Lost in Amazonia
The sources of this irony are manifold. Anything as extreme, hyperbolic and at the same time apparently earnest is bound to inspire humor, and everything about these female bodybuilders reads like a double-entendre or a camp subversion. Even the typefaces in the catalogue shift from modern sleek to comic-book chunk to romantic filigree in the course of a single title. The "muscle hussy" costumes look like a cross between stripper gear and the undersized tatters of the Incredible Hulk. The bodybuilders' "window performance" suggests the "performance art" of prostitutes in Amsterdam's red-light district. Circus strongwomen are called "understanders," not because of their feminine empathy but their position at the bottom of human pyramids; understanders such as Pudgy Stockton and Dunlap Kaan hoist their husbands over their heads, a feat particularly pleasurable to Amazons.
Over and over, traditional poses display the female body to untraditional effect. When a bodybuilder puts her hand on her hip, she shows off not her breasts but her biceps. The first female bodybuilder with a man-scale physique, Bev Francis, mugged girlie poses in the 1985 documentary Pumping Iron II: The Women, to make fun of the pressure on competitors to look feminine. The demure bondage victim comes in for similar parody in Bill Dobbins's photograph of Laura Creavalle dressed in a few strips of leather, her arms locked in stocks, her eyes lowered, her toes pointed, her muscles bulging.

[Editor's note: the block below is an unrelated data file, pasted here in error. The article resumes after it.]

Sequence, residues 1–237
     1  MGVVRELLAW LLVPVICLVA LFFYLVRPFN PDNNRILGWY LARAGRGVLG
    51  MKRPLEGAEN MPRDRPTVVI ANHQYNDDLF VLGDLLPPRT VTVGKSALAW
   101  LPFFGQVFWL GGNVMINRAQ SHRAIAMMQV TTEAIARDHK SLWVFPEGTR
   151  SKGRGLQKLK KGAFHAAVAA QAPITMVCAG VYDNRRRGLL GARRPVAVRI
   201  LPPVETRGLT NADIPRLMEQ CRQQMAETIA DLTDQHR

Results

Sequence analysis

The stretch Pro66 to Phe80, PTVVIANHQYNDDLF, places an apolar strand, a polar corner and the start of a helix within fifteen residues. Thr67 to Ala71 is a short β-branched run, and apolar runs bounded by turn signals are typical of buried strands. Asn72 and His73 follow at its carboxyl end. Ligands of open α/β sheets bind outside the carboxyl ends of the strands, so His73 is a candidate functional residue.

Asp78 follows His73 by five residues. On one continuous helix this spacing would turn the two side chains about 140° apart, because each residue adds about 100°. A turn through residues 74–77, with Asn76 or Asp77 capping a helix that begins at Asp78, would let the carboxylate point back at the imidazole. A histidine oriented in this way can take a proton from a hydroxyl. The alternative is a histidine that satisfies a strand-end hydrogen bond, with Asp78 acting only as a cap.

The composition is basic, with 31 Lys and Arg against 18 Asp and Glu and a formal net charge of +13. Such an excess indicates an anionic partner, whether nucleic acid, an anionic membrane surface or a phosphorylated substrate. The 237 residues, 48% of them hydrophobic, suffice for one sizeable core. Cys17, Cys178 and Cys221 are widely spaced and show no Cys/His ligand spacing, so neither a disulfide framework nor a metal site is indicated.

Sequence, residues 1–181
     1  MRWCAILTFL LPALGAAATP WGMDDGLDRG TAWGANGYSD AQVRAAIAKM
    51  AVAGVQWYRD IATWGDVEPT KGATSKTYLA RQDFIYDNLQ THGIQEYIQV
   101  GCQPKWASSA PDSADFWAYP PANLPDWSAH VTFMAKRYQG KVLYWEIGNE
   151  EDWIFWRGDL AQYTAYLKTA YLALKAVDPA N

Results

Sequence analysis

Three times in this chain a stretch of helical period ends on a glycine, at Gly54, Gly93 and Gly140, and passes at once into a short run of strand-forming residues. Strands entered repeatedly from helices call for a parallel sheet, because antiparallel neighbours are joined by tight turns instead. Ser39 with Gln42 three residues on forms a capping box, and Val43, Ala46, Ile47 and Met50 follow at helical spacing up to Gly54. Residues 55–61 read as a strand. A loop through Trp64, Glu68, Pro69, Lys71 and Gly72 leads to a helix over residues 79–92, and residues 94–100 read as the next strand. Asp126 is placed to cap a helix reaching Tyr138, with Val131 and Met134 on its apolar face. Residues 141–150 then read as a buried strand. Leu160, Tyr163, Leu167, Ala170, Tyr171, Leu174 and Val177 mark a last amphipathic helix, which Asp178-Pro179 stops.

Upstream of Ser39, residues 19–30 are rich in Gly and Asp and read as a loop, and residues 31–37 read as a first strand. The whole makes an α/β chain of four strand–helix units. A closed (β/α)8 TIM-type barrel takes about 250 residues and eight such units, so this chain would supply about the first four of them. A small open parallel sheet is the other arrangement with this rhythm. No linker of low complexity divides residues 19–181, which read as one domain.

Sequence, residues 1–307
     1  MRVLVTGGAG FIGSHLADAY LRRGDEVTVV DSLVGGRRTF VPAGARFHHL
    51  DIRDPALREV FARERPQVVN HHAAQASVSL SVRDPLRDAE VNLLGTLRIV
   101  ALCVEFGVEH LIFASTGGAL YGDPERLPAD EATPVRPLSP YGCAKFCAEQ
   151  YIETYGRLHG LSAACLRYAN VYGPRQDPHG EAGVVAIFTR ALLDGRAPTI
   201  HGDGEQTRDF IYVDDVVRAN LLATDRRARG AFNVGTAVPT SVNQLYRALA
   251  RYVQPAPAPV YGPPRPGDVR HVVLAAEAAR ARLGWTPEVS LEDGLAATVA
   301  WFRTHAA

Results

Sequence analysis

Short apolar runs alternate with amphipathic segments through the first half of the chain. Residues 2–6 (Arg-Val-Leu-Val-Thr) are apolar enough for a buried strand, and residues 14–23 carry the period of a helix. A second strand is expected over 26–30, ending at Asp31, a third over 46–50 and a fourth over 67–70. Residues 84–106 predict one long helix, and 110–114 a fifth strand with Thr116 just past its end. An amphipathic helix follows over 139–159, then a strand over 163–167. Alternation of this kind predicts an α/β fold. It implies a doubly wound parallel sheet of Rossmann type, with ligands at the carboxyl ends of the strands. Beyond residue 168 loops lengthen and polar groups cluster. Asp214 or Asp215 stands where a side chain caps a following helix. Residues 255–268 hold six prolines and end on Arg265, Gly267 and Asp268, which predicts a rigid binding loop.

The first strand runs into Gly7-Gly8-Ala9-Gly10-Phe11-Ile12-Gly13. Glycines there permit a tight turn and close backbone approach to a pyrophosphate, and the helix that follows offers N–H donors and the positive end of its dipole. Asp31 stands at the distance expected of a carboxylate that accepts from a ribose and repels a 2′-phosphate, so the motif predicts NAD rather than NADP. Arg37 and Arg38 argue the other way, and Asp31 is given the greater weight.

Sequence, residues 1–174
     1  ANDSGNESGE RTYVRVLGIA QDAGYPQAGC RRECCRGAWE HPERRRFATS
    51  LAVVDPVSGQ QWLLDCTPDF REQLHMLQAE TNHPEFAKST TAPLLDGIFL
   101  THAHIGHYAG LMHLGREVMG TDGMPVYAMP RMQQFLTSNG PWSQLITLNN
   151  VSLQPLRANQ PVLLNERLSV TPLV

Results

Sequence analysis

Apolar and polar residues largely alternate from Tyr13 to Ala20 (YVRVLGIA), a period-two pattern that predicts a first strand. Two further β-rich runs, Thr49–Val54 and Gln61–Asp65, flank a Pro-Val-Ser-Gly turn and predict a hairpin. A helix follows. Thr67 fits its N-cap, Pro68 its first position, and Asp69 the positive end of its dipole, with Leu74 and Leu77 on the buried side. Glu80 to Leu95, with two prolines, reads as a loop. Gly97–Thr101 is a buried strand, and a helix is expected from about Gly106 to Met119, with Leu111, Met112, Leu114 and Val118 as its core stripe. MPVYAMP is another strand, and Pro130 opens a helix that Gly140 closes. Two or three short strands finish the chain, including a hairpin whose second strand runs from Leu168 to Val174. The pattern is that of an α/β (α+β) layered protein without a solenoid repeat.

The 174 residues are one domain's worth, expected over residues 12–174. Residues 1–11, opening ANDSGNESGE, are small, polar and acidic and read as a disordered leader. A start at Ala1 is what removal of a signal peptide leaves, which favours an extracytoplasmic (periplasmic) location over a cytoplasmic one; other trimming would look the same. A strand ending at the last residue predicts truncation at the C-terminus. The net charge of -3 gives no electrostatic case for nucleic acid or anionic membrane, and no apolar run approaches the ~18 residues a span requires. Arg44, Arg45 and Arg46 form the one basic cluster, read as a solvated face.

Female bodybuilders always appear to be quoting men as they strike poses from classical sculpture or superhero comic books. Renée Cox, for example, photographs Heather Foster with helmet, gun and thigh-high leather boots in front of a wall-sized flag; Nicole Eisenman draws The Largest Woman looming over the viewer. Yet the bodybuilder's steel-hard muscle and taut skin find a female analogue in the pregnant belly and lactating breasts, and the hoarse breathing of the bench press sounds like nothing so much as childbirth panting. Samuel Fussell experienced his built physique as oddly feminine: a nonfunctional appearance of strength--useless, ornamental and masking vulnerability. In a similar gender reversal, Pumping Iron begins with Arnold Schwarzenegger in ballet class practicing poses in front of a mirror.
In certain respects, female bodybuilding seems no more liberated than fashion modeling. Indeed, the group poses in competitions suggest fashion shoots and chorus lines, and models and bodybuilders share an obsession over fat, firmness and "look." If they are "artists," they are artists of the body. But of course, the aesthetic in each case is utterly different. The exhibition catalogue makes this point by juxtaposing a photo of the rope-veined Laura Binetti with one of Twiggy standing among mannequins. The model, abnormally tall and thin for a woman, inhabits verticality; the bodybuilder, typically short or average in height and astonishingly wide with muscle, is horizontal. The ethereality of models implies an escape into aristocratic sublimity; bodybuilders are rooted to the earth, plebeian morlocks. Until the recent fitness craze, models' flesh-lined skin hid any signs of functionality in the body except those connected with sex. For female bodybuilders, the absence of a fat screen and the hyperdevelopment of muscles and veins exposes the machinery of the body, and the darkly tanned skin over muscle and blood vessel evokes nothing so much as a flayed carcass. The model looks helpless and weak but at the same time flawless, invulnerable; the bodybuilder looks overpoweringly strong but "ripped," exposed. The model's smooth surface covers hidden depths; the bodybuilder's "solid lean meat," claims Marcia Ian, contains no space at all. Muscle "connotes exteriority, the exteriority of the phallus."